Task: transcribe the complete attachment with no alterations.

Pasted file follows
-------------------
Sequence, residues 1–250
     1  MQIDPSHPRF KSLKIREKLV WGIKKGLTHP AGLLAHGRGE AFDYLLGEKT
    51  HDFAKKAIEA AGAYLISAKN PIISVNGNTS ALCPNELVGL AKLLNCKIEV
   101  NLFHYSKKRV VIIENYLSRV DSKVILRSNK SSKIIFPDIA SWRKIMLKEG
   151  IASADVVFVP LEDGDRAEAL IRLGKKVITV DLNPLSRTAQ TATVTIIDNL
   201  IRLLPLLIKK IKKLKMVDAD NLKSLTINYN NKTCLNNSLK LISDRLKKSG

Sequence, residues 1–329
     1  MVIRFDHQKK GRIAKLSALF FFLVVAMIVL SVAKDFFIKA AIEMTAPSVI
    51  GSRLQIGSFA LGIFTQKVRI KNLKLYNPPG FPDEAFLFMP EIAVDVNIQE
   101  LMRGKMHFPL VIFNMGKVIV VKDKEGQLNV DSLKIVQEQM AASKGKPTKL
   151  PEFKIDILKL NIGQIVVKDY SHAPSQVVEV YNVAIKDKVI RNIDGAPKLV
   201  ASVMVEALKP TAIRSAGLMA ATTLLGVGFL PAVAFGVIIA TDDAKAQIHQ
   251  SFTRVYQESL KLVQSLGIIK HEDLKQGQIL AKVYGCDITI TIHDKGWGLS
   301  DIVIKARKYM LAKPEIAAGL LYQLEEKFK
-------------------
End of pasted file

Sequence, residues 1–250
     1  MQIDPSHPRF KSLKIREKLV WGIKKGLTHP AGLLAHGRGE AFDYLLGEKT
    51  HDFAKKAIEA AGAYLISAKN PIISVNGNTS ALCPNELVGL AKLLNCKIEV
   101  NLFHYSKKRV VIIENYLSRV DSKVILRSNK SSKIIFPDIA SWRKIMLKEG
   151  IASADVVFVP LEDGDRAEAL IRLGKKVITV DLNPLSRTAQ TATVTIIDNL
   201  IRLLPLLIKK IKKLKMVDAD NLKSLTINYN NKTCLNNSLK LISDRLKKSG

Sequence, residues 1–329
     1  MVIRFDHQKK GRIAKLSALF FFLVVAMIVL SVAKDFFIKA AIEMTAPSVI
    51  GSRLQIGSFA LGIFTQKVRI KNLKLYNPPG FPDEAFLFMP EIAVDVNIQE
   101  LMRGKMHFPL VIFNMGKVIV VKDKEGQLNV DSLKIVQEQM AASKGKPTKL
   151  PEFKIDILKL NIGQIVVKDY SHAPSQVVEV YNVAIKDKVI RNIDGAPKLV
   201  ASVMVEALKP TAIRSAGLMA ATTLLGVGFL PAVAFGVIIA TDDAKAQIHQ
   251  SFTRVYQESL KLVQSLGIIK HEDLKQGQIL AKVYGCDITI TIHDKGWGLS
   301  DIVIKARKYM LAKPEIAAGL LYQLEEKFK